No Good Deed has the perfect elevator pitch: Alan, a successful, affluent journalist with a happy family life, stops to give some money to a homeless man one night on the way to his club in Soho. The man turns out to be his old school friend, Craig. Alan feels obliged to help him and takes him home. But Craig, far from being grateful, proceeds to take over Alan’s life…
Too often these high-concept stories are peopled by flat characters and hackneyed plots, but in this case the novel does live up to its promise. Alan’s milieu – a kind of Notting Hill set without the (overt) politics, peopled by columnists and aristos and minor celebs, fuelled by nepotism and booze and lots of lots of money, is richly and satirically drawn.
Alan is an interesting character, a working-class boy from a council house in Scotland who has somehow found himself married to the daughter of a duke. He is both insider and outsider on his world, comfortable in it but painfully aware of its privilege and absurdities, which are heightened when he sees it through Craig’s eyes.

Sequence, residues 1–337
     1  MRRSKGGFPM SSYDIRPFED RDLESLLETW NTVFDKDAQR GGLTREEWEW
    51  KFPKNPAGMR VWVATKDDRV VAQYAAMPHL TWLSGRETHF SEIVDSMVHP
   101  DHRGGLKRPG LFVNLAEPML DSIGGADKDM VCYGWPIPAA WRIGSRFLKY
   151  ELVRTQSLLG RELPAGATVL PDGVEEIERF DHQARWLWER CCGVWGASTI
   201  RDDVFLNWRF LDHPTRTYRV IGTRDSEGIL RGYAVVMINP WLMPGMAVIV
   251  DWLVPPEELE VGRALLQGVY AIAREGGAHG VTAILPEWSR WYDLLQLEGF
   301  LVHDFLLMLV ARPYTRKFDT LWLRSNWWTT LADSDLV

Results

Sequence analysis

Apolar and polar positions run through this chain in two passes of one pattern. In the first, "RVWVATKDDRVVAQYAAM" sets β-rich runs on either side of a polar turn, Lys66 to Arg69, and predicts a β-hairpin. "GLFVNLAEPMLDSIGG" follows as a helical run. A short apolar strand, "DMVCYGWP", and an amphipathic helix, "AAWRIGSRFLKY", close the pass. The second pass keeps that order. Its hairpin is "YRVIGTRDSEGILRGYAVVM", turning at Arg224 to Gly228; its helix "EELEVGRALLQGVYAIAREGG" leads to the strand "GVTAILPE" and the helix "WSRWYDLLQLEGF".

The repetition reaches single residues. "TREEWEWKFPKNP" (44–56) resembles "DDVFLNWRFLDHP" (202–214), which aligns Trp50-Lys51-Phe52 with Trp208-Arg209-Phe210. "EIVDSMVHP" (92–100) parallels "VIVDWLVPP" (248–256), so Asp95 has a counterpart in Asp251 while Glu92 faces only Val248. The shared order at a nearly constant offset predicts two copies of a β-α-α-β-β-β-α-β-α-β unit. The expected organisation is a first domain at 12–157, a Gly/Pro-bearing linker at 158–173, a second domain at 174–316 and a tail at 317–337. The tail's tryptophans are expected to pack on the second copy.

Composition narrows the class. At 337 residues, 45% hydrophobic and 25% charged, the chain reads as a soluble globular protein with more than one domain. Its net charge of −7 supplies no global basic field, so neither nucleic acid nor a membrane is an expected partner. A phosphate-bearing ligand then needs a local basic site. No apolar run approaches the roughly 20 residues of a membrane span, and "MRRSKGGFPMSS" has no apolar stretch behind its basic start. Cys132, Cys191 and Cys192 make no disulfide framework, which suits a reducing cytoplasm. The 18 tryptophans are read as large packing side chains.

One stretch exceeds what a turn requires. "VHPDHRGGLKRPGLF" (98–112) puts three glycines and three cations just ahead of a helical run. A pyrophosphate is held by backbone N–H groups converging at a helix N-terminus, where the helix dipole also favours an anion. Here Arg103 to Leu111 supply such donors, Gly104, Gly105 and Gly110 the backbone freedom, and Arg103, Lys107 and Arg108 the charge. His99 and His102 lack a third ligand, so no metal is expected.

There are some funny set pieces in this novel (and plenty on the protagonist’s complex relationship with his bowels, surely an under-explored area in contemporary fiction) but what marks it out for me is its study of friendship. Alan was the not-quite-cool kid in his crowd, while Craig was the leader. Craig went on to be a rock star while Alan was a struggling reporter until his wife’s connections got him a decent job.
No Good Deed explores the darker side of friendship, the way the dynamics of your teenage years, at that age when friends mean more than family or bands or even sex, can influence you as you go through life. The plot wraps up neatly, as you’d expect from such a deftly plotted novel, but it also leaves you room to think about why the characters behaved the way they did, which makes it a thought-provoking as well an entertaining read.
I received a copy of No Good Deed from the publisher via Netgalley.
View No Good Deed on Goodreads